LEICESTER, United Kingdom – Britain’s Parliament has finally passed the Rwanda bill which will send some asylum seekers to the African country, a move a leading Catholic agency says is “as inhumane as it is absurd.”

The controversial bill was passed after months of back-and-forth between the House of Commons and House of Lords.

The Jesuit Refugee Service UK says it will continue to campaign for the UK to uphold its “responsibility towards refugees.”

JRS UK’s Director, Sarah Teather said the law will destroy lives, plunge vulnerable people into danger and sees us abandon our duty towards people seeking sanctuary here.

“And all for the sake of an election gimmick. This is not who we are,” she said.

“With the help of our supporters JRS UK will continue to oppose this and all attempts to outsource asylum. We remain at the side of women, men, and children whose rights are threatened by this cruel plan, and all those arriving in the UK in search of safety,” Teather said.

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Plans to forcibly and permanently transfer people seeking asylum in the UK to Rwanda, without first examining their claim, were initially announced in April 2022.

Recently, the UK’s Home Office has begun contacting people refused asylum and offering them “voluntary departure” to Rwanda.

On Tuesday, Prime Minister Rishi Sunak released a statement saying the passage of the “landmark” bill represents “not just a step forward but a fundamental change in the global equation on migration.”

Sunak said the bill was introduced to “deter vulnerable migrants from making perilous crossings and break the business model of the criminal gangs who exploit them.”

“Our focus is to now get flights off the ground, and I am clear that nothing will stand in our way of doing that and saving lives,” he said.

There are more than 55,500 asylum seekers who are in the UK after arriving since March 2023 in boats across the English Channel.

The prime minister said that the first flight would leave in 10-12 weeks and said the removal of asylum seekers arriving in Britain from the sea will continue “until the boats are stopped.”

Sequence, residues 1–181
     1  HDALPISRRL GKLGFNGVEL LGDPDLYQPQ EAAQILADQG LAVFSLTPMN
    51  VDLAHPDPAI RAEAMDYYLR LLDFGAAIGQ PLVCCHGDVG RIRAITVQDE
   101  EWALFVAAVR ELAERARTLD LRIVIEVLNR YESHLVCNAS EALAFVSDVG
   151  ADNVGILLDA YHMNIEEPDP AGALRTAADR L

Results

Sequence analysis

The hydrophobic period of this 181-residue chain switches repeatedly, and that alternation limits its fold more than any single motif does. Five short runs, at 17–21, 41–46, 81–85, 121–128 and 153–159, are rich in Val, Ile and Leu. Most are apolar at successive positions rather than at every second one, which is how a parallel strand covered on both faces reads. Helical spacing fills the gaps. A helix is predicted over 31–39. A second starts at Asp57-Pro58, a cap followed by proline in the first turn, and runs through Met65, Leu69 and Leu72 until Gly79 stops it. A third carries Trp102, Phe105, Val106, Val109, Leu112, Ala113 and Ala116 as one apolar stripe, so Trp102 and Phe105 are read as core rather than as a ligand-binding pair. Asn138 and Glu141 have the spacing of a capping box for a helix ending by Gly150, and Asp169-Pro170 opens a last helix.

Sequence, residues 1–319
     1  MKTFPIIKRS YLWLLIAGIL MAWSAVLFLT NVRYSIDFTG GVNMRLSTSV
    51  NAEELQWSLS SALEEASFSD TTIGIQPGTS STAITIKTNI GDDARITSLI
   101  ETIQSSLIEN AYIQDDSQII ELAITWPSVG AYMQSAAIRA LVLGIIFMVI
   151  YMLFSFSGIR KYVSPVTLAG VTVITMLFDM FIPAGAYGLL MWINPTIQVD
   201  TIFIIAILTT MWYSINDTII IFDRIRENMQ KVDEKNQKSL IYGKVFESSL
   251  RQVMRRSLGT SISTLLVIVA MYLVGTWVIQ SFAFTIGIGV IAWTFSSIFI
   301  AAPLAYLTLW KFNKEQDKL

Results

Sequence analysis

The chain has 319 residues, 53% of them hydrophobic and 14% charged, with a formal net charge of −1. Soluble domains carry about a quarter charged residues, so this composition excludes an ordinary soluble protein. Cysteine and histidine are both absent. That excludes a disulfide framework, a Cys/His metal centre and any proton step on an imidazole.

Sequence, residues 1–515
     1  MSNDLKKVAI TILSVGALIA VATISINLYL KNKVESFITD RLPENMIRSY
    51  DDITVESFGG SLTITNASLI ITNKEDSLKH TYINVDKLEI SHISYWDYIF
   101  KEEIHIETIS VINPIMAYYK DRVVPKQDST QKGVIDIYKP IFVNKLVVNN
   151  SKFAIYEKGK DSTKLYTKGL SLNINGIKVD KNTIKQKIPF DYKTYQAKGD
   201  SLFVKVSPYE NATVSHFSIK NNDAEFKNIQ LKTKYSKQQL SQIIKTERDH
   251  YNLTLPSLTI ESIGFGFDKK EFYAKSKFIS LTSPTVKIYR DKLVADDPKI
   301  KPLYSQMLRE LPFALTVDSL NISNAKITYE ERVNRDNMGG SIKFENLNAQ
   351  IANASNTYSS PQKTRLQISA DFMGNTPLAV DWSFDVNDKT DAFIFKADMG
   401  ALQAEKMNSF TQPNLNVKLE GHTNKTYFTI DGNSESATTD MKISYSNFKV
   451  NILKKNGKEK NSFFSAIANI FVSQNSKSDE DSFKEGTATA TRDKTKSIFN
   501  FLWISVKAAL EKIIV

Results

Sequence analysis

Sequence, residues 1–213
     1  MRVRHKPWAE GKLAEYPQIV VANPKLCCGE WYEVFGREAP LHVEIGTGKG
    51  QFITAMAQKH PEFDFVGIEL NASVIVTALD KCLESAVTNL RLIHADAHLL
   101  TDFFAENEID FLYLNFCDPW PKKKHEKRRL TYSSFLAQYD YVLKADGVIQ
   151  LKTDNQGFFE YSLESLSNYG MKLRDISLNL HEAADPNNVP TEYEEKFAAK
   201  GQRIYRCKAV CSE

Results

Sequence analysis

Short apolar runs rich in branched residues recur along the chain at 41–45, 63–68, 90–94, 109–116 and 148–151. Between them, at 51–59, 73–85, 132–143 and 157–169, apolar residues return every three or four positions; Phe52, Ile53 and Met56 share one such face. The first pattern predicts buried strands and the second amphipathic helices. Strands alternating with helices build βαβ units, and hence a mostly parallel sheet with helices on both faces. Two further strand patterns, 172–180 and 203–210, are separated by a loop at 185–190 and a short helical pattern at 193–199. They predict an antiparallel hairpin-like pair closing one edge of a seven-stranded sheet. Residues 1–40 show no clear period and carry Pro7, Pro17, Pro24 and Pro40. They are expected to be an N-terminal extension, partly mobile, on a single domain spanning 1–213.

251 organisations – including several Catholic groups – sent an open letter to Sunak protesting the passing of the Rwanda bill.

“The Rwanda plan will force people who have fled violence and persecution into detention centres where they may face abuse and mistreatment, with no time limit,” the letter says.

“Through this law, the Government will put them at grave risk of mental and physical harm, and of being returned to danger in the countries they fled,” it continues.

“Outsourcing our asylum system to other countries is never acceptable. It abandons our duty to share in the global responsibility towards those forced to seek safety. Instead of continuing down this dangerous path, the Government must guarantee that asylum claims will be heard fairly on our shores, and open safe routes so that people are not forced to take dangerous journeys,” the letter says.

RELATED: Catholic group calls UK attempt to send refugees to Rwanda ‘profoundly troubling’

“As organizations working towards a better future for all, we believe in kindness and compassion. The Government must listen to the people, abandon this deplorable deal with Rwanda and similar plans with other countries, and protect those who need sanctuary,” the letter reads.

JRS UK has also supported people in detention who have been threatened with forced removal to Rwanda.

Speaking following the Prime Minister’s announcement, JRS UK’s Detention Outreach Manager, Naomi Blackwell said the prospect of being forced on a plane to Rwanda is “deeply terrifying for refugees.”

“And in detention, people are often told nothing about what’s happening to them, it’s disproportionately difficult to get legal advice, they may not even have phone credit to ring someone to ask about it,” she said.

“Our politicians need to stop their theatrics and remember that there are actual people on the sharp end of this,” Blackwell said.

Follow Charles Collins on X: @CharlesinRome